Using solar power when it generates offers the best returns, as it eliminates the need to purchase electricity from your electricity retailer at their standard rates (starting at approximately 35c per kWh).

Receiving a feed-in tariff for exporting the remaining power at 5-10c provides a smaller benefit. As such, try changing your usage patterns to use more electricity during the day rather than at night for the best financial return for solar.

How can I participate in a feed-in tariff program?

Suppose you have had a solar system installed on your home by an accredited solar installer using accredited solar equipment, including solar panels and an inverter. In that case, you should automatically be eligible for a feed-in tariff via your energy retailer.

Generally, everyone connected to the grid with a residential system and producing excess renewable energy should be able to participate in a feed-in tariff scheme. However, large commercial systems sometimes face a situation where the local grid can’t handle excess exports. In these cases, they end up limiting and wasting the exported electricity, which is unfortunate.

Contacting your energy provider is always a good idea to determine if you qualify for a feed-in tariff program and learn more about the exact requirements and costs. It is also worthwhile to shop around and see who offers the lowest rate per kWh charged and the highest feed-in tariff.

powerlines and worker where electricity is sent back to the grid and a feed-in tariff is paid

Is a feed-in tariff right for me?

Suppose you are installing a solar system without batteries. In that case, a feed-in tariff offers the ability to receive an income for excess solar generated that would otherwise go to waste. So it is worth researching the feed-in tariffs available from different retailers in your area to determine the best option rate and plans for your situation.

Based on the low feed-in tariffs and your usage patterns, installing a battery storage unit to store your excess solar may be a better option for your situation to use the power during the evening peaks.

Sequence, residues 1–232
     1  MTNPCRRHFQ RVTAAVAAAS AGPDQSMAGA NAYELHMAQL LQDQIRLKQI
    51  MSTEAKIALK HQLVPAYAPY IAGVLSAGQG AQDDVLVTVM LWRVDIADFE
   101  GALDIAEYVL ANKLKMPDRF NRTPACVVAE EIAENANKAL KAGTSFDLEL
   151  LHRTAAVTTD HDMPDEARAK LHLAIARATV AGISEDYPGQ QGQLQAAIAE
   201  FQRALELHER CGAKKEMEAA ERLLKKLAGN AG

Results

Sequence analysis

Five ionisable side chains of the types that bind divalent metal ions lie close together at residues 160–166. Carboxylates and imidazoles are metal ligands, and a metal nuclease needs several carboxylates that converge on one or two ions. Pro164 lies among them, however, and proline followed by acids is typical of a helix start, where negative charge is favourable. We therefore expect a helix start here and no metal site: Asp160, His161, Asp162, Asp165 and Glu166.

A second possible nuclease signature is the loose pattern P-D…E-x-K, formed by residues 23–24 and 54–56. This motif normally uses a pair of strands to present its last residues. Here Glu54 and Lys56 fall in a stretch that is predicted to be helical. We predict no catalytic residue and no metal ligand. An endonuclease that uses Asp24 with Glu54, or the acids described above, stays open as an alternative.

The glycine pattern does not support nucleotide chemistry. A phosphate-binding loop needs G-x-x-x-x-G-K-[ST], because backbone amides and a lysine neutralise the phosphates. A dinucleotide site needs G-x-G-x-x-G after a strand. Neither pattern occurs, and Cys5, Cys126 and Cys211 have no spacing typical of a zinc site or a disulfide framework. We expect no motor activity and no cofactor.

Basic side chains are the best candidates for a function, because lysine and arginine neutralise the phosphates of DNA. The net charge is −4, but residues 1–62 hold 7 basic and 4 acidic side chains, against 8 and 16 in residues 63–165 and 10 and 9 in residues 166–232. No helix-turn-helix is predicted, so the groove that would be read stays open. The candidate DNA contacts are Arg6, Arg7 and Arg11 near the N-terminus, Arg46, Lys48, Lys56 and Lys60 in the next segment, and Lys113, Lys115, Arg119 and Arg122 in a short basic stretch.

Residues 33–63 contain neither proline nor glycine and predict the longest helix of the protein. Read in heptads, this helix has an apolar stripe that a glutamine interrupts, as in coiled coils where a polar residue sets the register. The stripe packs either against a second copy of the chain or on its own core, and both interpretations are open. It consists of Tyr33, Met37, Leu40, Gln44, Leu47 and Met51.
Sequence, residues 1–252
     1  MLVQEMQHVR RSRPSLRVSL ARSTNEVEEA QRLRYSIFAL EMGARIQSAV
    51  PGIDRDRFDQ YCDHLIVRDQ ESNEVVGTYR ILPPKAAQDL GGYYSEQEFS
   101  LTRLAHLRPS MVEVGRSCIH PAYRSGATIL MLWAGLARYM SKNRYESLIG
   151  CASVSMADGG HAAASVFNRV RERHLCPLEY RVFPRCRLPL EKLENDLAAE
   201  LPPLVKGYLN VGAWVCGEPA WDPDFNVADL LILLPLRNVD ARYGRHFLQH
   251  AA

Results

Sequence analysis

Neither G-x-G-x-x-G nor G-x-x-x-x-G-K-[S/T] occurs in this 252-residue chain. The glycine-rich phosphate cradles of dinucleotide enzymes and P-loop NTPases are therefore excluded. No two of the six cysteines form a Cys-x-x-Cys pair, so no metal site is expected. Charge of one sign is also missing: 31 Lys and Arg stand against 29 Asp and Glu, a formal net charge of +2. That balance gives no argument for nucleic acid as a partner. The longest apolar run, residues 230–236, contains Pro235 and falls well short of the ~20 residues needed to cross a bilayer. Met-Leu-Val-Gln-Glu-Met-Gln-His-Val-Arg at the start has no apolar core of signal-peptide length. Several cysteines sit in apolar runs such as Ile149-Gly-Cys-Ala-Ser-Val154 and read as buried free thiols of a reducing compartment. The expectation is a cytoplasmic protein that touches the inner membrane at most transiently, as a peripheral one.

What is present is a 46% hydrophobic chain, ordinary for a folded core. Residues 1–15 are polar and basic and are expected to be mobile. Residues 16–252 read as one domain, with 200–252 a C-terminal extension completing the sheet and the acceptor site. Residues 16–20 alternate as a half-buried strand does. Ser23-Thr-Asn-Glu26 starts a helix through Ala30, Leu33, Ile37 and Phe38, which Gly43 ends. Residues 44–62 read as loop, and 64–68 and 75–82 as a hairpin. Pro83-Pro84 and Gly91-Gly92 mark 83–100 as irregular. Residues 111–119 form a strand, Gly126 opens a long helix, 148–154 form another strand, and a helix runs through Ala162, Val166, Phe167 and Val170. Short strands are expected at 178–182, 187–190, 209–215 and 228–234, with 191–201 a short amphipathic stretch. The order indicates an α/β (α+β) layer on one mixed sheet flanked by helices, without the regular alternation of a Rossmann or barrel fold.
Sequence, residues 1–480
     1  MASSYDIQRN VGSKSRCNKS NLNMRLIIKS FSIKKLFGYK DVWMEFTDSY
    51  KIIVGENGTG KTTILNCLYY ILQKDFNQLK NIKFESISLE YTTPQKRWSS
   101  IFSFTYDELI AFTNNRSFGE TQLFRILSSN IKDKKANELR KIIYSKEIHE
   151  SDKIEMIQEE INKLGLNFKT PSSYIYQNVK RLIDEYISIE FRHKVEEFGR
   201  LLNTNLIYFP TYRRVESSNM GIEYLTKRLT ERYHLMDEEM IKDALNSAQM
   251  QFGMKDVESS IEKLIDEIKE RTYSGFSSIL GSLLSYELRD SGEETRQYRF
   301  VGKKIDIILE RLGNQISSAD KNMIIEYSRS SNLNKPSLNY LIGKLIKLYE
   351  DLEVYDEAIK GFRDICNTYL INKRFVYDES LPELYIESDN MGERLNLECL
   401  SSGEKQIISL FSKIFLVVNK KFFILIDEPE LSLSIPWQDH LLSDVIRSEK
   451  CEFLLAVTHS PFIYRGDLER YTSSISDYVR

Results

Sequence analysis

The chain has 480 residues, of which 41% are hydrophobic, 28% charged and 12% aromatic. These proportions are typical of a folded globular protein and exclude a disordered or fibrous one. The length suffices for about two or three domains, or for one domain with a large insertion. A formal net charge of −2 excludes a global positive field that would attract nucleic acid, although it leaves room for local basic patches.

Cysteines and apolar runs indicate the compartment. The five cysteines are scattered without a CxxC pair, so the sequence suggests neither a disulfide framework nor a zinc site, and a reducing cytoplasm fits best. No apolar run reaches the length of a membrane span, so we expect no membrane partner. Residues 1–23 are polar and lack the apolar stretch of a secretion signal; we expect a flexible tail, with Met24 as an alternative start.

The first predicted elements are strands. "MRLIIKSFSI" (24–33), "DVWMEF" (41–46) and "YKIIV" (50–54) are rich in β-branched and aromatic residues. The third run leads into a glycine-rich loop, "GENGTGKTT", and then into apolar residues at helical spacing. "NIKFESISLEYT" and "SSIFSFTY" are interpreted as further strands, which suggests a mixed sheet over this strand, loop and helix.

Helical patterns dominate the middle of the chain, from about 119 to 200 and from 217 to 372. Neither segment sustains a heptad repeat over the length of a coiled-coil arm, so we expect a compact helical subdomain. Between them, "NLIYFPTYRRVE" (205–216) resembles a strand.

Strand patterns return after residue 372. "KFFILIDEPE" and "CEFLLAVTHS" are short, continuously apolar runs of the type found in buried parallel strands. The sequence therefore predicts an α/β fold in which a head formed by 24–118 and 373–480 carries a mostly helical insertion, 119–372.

This can be particularly valuable if you are on time-of-use tariffs and your electricity provider charges around 50-60c per kWh during these periods.

Using solar electricity stored in the battery during peak periods can save you 50-60c per kWh, which is likely to make more financial sense than selling the electricity during the day and receiving only 5 to 10 cents per kWh.

To ensure you receive the best feed-in tariff for your specific region, consider installing the Solar Analytics Monitor Software. They offer a program called Plan Optimiser which will use your existing real consumption and solar generation data to calculate and recommend the best energy plan in your region.

In summary 

Feed-in tariffs can be a valuable instrument for encouraging the use of renewable energy in Australia. They aid in lowering the cost of renewable energy systems and offer some financial incentives for businesses and homeowners to transition to green, sustainable sources of electricity.

Nevertheless, nowadays, the main benefit of installing a solar system is self-consumption.

Therefore, we should prioritise self-consumption when installing solar power and consider feed-in tariffs only as a minor additional income stream from solar.

Be sure to check with online electricity price comparison websites to determine what feed-in tariff options are available in your area. Sometimes your local installer can also recommend the best local deal.